By DAMIAN CRISTODERO
© St. Petersburg Times, published May 26, 2001
DENVER -- When Bryan Muir described the season as "quite a roller-coaster ride," he wasn't kidding.
The depths? When the Lightning, one of the NHL's worst teams, shipped him to the minors.
The heights? Well, that would be right now as the Avalanche defenseman prepares for today's first game of the Stanley Cup final at the Pepsi Center.
"It's really exciting to be where I am," Muir said Friday. "It makes you feel good that in the end, if you work hard, you get somewhere."
Muir said he shouldn't have played through an ankle injury during the 1999-2000 season.
"I'm the first to admit I wasn't the player I wanted to be," he said. "I was awful."
When he struggled this season, Tampa Bay sent him to the IHL's Detroit Vipers. He was traded to Colorado in January for an eighth-round draft pick.
Muir, 27, thrived with the Hershey Bears, Colorado's AHL affiliate, and was a team-high plus-17 when he was called up to the Avalanche on March 21. He played eight regular-season games and has played three in the playoffs.
"What went on earlier in the year is behind me," Muir said. "Four more wins and we hoist the Cup above our heads. I just want to take that in and enjoy it."
ROAD WARRIORS: The Devils, 6-2 on the road in the playoffs, know they need a good start in Denver. New Jersey swept the Red Wings for the 1994-95 Cup after winning the first two games in Detroit.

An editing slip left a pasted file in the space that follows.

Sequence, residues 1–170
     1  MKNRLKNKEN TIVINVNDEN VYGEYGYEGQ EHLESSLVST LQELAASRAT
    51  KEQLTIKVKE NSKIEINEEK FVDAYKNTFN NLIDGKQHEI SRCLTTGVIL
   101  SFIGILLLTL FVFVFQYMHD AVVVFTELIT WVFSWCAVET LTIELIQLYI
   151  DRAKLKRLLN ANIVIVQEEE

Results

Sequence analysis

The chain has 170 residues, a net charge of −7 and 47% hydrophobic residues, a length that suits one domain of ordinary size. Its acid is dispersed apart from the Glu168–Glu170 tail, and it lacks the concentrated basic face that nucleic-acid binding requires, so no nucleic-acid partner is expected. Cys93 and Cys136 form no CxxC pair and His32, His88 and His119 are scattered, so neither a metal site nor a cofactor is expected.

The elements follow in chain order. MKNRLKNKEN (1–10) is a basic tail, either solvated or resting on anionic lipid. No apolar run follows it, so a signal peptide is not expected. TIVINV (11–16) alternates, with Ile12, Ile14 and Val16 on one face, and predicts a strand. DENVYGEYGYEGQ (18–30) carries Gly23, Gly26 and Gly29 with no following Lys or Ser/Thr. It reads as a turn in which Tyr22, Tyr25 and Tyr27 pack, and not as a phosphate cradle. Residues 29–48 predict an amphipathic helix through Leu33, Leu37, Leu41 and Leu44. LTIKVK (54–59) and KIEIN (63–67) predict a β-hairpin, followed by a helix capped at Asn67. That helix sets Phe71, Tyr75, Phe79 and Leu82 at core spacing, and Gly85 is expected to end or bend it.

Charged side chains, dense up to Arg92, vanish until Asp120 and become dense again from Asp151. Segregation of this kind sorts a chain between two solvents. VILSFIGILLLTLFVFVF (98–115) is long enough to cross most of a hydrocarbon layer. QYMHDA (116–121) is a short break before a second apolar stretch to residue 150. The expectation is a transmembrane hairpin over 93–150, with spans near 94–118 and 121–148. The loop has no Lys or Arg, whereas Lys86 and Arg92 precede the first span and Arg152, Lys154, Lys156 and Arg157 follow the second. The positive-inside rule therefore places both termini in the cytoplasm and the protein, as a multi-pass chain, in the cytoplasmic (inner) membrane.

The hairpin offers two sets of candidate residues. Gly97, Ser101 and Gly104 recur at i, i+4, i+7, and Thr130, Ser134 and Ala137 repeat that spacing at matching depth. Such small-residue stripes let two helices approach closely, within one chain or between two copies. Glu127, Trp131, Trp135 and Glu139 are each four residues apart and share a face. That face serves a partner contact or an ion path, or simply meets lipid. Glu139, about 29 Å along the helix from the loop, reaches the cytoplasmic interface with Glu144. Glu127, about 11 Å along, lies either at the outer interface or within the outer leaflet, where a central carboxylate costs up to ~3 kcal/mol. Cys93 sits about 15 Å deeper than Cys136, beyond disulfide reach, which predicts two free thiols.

"We've got to forget about whether we are home or away," right wing Randy McKay said. "You slow up. You put the fans, you put everything behind you. You just keep your focus. It doesn't matter where we are going to play."
SURVIVORS: Six Avalanche players remain from the 1995-96 Cup team: goaltender Patrick Roy; centers Joe Sakic, Peter Forsberg and Stephane Yelle, and defensemen Adam Foote and Jon Klemm.
"It is about injuries. It is about emotions. It is about confidence," Foote said. "The six of us that are left, we can use our experiences to help each other out."
STEVENS PEEVED: New Jersey defenseman Scott Stevens said he did not tell a newspaper the Devils are better than the Avalanche.
"I was a little embarrassed to read that," he said. "I was asked if this (Devils) team was better than last year. I said I thought it was."
YOU'RE ON: New Jersey Gov. Donald DiFrancesco and Colorado Gov. Bill Owens have placed their bets.
If the Devils win, DiFrancesco gets a three-night stay at a Colorado ski resort. If the Avalanche wins, Owens and his family get a weekend at the Jersey shore.
SIMPLY THE BEST: Devils coach Larry Robinson had high praise for Colorado's Milan Hejduk, who leads the playoffs with 20 points.
"Hejduk has probably the best hands of any player I've seen in today's game," he said.